I hereby pledge…

In a crowded field, campaign pledges can help candidates send signals to voters. But can candidates keep what they promise?

Maja Viklands Harris Avatar
person in gray sweater with silver ring

Chances are you’ve heard of Portland Street Response, Portland’s city program deploying unarmed teams to address mental health crises. But have you heard of the Save Portland Street Response Pledge?

Over twenty candidates have signed this pledge, circulated by the grassroots coalition Friends of Portland Street Response. Within sixty days of taking office, signatories commit to passing an ordinance to secure funding for Portland Street Response to operate citywide and around the clock. Additionally, the pledge binds councilors to support funding for the program’s 24/7 operations in every budget cycle and to establish it as a co-equal branch of the city’s first responder network.

Pledges send political cues to voters.

Why do candidates sign pledges? These commitments can be an efficient way to make campaign promises to voters and gain visibility in a crowded field. Candidates frequently post about their pledges on social media, and pledge organizers can help draw attention to candidates and mobilize voters.

But what about candidates who don’t sign the Save Portland Street Response Pledge? Should voters assume they don’t support the program? Not so fast. Some candidates, like Elana Pirtle-Guiney in District 2, prefer not to sign pledges with explicit budgetary commitments to avoid having to break promises to voters later.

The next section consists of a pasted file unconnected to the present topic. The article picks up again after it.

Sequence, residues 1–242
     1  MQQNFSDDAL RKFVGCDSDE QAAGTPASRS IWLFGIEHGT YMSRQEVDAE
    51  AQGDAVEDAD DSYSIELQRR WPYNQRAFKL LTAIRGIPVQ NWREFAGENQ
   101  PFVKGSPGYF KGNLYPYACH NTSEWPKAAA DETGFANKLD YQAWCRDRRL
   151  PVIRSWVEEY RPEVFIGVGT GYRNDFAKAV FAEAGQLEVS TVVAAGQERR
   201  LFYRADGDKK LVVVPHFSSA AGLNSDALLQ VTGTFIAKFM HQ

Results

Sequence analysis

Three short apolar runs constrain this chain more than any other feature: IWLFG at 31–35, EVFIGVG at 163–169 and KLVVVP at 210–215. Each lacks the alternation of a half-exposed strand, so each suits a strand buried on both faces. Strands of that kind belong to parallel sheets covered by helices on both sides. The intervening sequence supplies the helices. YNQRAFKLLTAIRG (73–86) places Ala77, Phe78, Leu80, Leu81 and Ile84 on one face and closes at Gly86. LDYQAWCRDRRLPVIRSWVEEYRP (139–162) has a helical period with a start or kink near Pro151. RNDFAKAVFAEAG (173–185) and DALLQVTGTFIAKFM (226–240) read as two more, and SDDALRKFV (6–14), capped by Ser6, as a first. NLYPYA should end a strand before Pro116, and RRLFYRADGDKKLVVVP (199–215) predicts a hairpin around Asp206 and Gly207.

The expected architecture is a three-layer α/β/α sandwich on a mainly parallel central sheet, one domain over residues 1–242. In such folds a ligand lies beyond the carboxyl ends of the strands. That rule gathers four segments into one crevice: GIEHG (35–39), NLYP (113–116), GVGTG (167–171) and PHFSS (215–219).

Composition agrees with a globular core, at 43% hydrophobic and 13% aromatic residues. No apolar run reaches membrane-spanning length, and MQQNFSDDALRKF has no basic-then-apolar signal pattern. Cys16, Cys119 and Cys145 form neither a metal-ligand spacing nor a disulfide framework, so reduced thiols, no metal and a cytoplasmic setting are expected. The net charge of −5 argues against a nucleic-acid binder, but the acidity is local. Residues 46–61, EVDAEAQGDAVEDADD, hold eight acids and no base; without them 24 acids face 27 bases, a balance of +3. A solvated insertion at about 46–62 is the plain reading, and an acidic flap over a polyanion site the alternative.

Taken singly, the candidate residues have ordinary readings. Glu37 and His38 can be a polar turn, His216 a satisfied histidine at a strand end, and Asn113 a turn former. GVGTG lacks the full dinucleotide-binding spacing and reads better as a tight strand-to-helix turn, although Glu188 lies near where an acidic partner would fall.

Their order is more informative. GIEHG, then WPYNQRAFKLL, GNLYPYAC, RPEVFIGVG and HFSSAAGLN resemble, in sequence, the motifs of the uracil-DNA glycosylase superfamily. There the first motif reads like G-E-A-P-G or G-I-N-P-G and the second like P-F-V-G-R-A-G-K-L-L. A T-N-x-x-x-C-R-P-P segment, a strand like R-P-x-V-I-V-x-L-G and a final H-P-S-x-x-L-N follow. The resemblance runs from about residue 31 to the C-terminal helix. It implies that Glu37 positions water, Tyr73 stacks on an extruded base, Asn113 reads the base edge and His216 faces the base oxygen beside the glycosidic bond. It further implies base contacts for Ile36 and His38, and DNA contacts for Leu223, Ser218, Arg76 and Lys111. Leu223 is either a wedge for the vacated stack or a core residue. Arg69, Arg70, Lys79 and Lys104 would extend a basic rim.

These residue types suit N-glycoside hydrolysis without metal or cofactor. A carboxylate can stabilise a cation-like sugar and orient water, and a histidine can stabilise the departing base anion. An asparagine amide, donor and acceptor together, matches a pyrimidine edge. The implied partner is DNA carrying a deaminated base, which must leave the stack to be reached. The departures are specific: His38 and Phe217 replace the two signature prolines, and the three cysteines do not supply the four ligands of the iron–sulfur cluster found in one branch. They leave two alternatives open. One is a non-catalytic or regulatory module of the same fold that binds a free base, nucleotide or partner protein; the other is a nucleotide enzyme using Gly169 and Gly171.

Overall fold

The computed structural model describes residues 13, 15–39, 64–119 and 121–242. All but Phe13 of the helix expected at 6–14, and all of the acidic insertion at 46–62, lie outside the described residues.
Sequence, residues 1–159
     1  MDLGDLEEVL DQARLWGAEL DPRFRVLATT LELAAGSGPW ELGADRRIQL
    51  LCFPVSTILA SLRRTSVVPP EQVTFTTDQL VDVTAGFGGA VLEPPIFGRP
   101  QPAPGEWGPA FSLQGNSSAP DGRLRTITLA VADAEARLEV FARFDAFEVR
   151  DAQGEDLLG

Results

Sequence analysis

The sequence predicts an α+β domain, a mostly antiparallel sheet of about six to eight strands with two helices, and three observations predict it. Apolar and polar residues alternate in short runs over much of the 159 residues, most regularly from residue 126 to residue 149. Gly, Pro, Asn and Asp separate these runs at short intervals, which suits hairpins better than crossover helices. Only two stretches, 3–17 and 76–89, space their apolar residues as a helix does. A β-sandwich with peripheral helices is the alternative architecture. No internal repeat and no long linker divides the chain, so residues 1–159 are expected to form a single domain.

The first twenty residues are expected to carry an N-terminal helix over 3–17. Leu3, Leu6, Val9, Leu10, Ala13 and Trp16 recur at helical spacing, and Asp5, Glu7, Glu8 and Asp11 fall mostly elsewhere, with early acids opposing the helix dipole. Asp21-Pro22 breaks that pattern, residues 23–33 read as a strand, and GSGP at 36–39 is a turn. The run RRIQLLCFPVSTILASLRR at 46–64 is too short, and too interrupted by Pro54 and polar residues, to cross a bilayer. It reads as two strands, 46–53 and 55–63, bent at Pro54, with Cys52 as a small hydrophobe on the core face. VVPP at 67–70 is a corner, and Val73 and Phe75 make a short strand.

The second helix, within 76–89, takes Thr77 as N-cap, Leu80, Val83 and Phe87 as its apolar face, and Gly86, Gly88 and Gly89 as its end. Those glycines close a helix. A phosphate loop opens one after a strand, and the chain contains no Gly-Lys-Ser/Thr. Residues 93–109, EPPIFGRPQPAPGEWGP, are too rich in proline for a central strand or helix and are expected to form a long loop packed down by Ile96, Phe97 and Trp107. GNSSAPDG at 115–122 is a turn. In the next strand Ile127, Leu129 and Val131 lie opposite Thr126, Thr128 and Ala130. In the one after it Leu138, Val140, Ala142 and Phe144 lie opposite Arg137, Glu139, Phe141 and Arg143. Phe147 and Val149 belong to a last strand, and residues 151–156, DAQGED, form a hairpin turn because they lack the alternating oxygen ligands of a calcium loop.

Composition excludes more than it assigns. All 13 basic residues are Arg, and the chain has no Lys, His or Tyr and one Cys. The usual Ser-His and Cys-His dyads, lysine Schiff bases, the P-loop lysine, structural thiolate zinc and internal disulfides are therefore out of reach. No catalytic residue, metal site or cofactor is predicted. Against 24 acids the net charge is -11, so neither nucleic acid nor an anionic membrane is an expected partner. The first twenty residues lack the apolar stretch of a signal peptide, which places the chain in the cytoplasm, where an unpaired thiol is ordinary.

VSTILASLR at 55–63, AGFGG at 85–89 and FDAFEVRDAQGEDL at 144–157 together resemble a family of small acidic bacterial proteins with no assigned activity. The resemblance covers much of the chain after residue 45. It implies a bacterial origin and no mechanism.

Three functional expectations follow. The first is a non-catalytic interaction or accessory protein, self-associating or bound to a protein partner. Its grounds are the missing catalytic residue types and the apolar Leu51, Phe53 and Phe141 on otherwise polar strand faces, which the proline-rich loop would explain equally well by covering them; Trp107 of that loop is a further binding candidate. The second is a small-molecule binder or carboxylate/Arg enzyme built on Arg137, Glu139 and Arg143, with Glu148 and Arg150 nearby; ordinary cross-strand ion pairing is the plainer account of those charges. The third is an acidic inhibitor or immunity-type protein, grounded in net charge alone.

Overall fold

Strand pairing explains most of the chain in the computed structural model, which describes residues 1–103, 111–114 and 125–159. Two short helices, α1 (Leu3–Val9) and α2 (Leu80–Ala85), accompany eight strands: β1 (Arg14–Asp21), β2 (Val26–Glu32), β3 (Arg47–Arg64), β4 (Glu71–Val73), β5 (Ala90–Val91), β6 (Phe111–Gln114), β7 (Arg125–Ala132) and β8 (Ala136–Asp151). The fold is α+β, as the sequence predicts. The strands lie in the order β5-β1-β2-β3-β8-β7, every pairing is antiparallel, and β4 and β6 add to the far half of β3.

“In some cases, that means I’m not signing pledges on issues that I strongly support,” Pirtle-Guiney told Rose City Reform.

Pirtle-Guiney hopes voters will instead consider her actions and statements, such as testifying in favor of expanded funding for Portland Street Response and listing the program as a priority on her website.

“But I’m not willing to sign a pledge committing to taking very specific actions when I don’t know what the makeup of the council will be or how deep the budget cuts are that we’ll need to make,” she says.

D4 candidates Andra Vltavín and Sarah Silkie sign the Save Portlamd Street Response Pledge

Anti-endorsement pledges: Less about money, more about ideology.

Pledges aren’t just about what candidates will do – sometimes, they signal what they won’t do. For instance, multiple candidates have signed the No Police Money Pledge and the No Fossil Fuel Money Pledge, rejecting contributions and endorsements from police unions and organizations associated with the coal, gas, and oil sectors.

While anti-endorsement pledges can come at some political cost, they also help communicate a candidate’s values to voters. For example, candidates who have signed both of these pledges – Candace Avalos and Timur Ender in District 1, Christopher Olson in District 2, Angelita Morillo and Robin Ye in District 3, and Andra Vltavín in District 4 – share backgrounds in organizing for criminal justice reform and climate action. For voters unfamiliar with these names, a quick glance at their pledges provides instant clues about their priorities.

Pledges don’t tell the whole story, however. Often, a candidate’s decision to decline a pledge is less about a specific issue and more about preserving relationships and the freedom to arrive at independent decisions.

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